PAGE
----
Support a black-owned business: Pikes Perk Coffee House

Cambrea Hall

[email protected]

Sept. 9, 2020

My coffee-going ventures have not gone further than the Starbucks’ or Dutch Bros’ drive-thru in the last six months. COVID-19 put a halt to my typically far-more adventurous coffee excursions. This semester, I was bound and determined to overcome my anxiety and sit in a real coffee shop, mask and all. I wanted my first coffee outing to be an intentional one — one that supported a local, Black-owned business.  

     Pikes Perk Coffee and Tea House is owned by Marc and Elary Johnson. According to the Pikes Perk website, Marc, a Black entrepreneur, retired as a Major from the US Army Reserves after 24 years, and both he and his wife Elary are currently self-employed as physician assistants. 

     Their goal in business is “to create an environment where conversations are started and friends are made!” 

     From the moment I walked through their door on 5965 N. Academy Blvd Suite #203, the woman in line in front of me initiated a conversation, and I made a friend. This sounds like a cliché, but somehow the Johnsons’ goal was coming to life before my very eyes. 

Entrance to coffee house Pike's Perk.
The entrance to Pike’s Perk. Photo by Zach Robbins.

     She complimented my outfit, and then she shared that it was only her second visit to the coffee shop too. We bonded over a drink called an “Ireland,” which is a heavenly concoction of chocolate, caramel and Irish cream. My new acquaintance and I discussed getting a single shot of each flavor, agreeing that sometimes specialty coffee drinks are overly sweet.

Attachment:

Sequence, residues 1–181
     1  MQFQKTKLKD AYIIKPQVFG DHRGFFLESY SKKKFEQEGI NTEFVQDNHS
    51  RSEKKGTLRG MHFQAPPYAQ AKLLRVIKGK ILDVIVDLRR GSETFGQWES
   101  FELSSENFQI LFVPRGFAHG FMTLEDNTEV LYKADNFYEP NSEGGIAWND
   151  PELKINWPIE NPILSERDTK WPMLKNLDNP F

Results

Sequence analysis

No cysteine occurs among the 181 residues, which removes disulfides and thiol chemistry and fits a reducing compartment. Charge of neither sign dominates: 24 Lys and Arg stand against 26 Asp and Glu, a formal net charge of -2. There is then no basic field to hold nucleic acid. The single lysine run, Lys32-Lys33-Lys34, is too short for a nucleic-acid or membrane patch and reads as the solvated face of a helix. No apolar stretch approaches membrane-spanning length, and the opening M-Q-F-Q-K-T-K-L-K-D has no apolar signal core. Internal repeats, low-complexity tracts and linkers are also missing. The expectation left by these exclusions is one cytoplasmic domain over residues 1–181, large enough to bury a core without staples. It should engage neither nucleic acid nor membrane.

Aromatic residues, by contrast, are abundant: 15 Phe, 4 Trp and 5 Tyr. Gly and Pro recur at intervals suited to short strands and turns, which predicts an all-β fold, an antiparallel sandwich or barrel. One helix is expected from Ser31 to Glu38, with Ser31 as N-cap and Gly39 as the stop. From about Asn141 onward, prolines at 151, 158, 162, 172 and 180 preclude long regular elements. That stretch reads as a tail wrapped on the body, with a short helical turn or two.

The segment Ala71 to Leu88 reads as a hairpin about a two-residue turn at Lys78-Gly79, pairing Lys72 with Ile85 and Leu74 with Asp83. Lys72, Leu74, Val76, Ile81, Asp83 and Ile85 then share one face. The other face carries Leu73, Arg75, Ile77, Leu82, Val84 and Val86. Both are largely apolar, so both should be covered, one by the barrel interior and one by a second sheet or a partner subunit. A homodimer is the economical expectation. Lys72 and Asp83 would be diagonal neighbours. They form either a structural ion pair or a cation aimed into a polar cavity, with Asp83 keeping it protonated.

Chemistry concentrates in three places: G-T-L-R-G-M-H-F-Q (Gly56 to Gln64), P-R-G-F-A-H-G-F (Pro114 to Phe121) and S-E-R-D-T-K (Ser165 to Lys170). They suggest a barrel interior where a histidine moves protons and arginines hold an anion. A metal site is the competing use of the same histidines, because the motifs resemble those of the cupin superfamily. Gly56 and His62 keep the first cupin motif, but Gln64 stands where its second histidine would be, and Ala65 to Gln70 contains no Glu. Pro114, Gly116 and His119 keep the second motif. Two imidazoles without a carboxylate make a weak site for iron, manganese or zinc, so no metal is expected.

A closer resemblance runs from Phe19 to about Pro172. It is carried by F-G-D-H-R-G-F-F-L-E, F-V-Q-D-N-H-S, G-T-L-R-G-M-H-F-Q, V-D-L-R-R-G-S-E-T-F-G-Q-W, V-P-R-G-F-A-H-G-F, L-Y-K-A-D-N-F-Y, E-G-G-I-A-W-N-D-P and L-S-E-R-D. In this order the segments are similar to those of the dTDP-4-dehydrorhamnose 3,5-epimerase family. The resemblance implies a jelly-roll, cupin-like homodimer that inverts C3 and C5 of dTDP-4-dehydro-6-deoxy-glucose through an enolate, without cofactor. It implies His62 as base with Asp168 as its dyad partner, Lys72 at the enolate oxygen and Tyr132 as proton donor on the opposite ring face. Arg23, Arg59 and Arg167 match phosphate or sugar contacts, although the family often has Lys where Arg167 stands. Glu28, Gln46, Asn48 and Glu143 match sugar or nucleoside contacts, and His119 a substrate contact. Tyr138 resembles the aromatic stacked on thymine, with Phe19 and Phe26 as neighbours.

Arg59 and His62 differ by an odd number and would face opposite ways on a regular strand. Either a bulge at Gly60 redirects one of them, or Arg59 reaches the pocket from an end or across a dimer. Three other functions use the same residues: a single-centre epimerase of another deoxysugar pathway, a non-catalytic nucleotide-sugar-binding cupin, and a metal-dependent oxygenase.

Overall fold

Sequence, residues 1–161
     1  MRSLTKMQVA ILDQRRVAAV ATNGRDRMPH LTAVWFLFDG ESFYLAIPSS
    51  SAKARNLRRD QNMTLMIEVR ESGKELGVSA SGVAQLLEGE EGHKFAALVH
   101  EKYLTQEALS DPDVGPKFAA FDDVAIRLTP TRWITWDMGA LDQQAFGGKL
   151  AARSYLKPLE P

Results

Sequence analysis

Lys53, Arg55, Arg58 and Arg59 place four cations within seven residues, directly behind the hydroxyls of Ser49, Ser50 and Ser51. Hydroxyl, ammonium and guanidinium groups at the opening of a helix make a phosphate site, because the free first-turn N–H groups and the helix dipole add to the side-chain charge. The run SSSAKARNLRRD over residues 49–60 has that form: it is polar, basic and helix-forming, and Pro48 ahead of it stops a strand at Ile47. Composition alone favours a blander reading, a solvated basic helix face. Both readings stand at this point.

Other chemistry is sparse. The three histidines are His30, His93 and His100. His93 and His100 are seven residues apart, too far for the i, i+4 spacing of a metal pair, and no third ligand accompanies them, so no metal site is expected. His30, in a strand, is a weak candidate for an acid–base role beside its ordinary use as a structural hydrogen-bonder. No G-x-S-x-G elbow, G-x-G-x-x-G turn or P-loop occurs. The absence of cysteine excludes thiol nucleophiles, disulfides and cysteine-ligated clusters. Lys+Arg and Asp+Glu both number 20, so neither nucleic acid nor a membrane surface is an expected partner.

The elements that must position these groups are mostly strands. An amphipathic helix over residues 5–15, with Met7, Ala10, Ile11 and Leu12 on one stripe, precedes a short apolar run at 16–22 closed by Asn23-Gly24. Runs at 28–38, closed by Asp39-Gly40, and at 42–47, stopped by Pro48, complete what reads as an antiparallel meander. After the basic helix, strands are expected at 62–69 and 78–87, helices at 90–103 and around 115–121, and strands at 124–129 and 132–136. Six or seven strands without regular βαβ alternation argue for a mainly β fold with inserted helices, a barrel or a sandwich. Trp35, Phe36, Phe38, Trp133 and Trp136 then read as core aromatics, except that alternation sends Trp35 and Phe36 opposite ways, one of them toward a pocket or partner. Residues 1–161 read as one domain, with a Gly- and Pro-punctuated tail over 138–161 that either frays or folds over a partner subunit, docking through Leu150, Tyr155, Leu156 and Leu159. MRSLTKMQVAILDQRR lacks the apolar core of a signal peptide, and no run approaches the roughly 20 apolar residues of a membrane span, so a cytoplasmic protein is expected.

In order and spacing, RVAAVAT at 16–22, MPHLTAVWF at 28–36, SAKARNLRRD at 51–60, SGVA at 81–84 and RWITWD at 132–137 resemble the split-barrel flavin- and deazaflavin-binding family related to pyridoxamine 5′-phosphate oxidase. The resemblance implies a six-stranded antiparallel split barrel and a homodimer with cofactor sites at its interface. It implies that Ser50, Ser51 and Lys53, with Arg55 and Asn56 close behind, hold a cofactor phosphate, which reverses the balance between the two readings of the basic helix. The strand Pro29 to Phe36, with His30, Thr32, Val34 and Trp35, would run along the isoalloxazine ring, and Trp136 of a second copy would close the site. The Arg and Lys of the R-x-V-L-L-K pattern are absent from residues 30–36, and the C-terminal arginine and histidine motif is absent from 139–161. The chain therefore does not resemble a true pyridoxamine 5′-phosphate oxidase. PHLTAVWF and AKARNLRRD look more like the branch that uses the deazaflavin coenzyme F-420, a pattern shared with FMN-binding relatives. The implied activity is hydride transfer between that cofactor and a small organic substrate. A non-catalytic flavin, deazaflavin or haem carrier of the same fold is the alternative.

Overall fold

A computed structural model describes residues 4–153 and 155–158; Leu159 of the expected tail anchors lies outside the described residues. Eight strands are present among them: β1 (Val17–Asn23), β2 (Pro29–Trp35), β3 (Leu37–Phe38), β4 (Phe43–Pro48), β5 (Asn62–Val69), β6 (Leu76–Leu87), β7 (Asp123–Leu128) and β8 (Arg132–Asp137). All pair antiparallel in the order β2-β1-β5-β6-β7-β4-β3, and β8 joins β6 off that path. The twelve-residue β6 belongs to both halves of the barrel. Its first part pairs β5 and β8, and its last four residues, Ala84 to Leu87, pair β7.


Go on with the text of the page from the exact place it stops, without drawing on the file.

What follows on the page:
The barista, Morgan, was cheerful and helpful in assisting us with our unanimous drink decision, and then she was quick at her work, making the Ireland drink not once, but twice, both times with the same skill and care.  

     I sat down to begin my schoolwork and was suddenly struck with the normalcy of this all: pairs of people freely conversing, college students silently paging through notes and textbooks, complete strangers acknowledging one another in line. I felt like I had stumbled on a relic of the past — human connection we once took for granted that now only exists in limited doses.  

     For one blissful Wednesday afternoon, the Pikes Perk Coffee and Tea House was an escape from our sometimes hateful, often divided society. The Johnsons understand the importance of human relationships, and they created a space to reflect that.  

     This little coffee shop located less than five minutes from the university is proof that there are still well-meaning people (and good coffee) in the world. Plus, you get to support a Black-owned business in the process.  

     This brings up an important question: Why should you support Black-owned businesses? Not only does buying from them bolster the local economy, it closes the racial wealth gap and celebrates the entrepreneurial endeavors of Black men and women. It also starts discussions and recognizes the strength in solidarity for visibility and representation in the community. It makes you an activist, an ally and a friend.  

     Conversation and friendship are powerful tools. Now, more than ever, we need to research, advocate and challenge ourselves to be better people, conversationalists and friends to each other. At Pikes Perk, we can safely enjoy a delicious coffee drink or pastries as we do it.  

     The Pikes Perk Coffee and Tea House is open: Monday – Friday, 6 a.m. – 8 p.m.; Saturday, 7 a.m. – 9 p.m.; and Sunday, 7:30 a.m. – 6 p.m.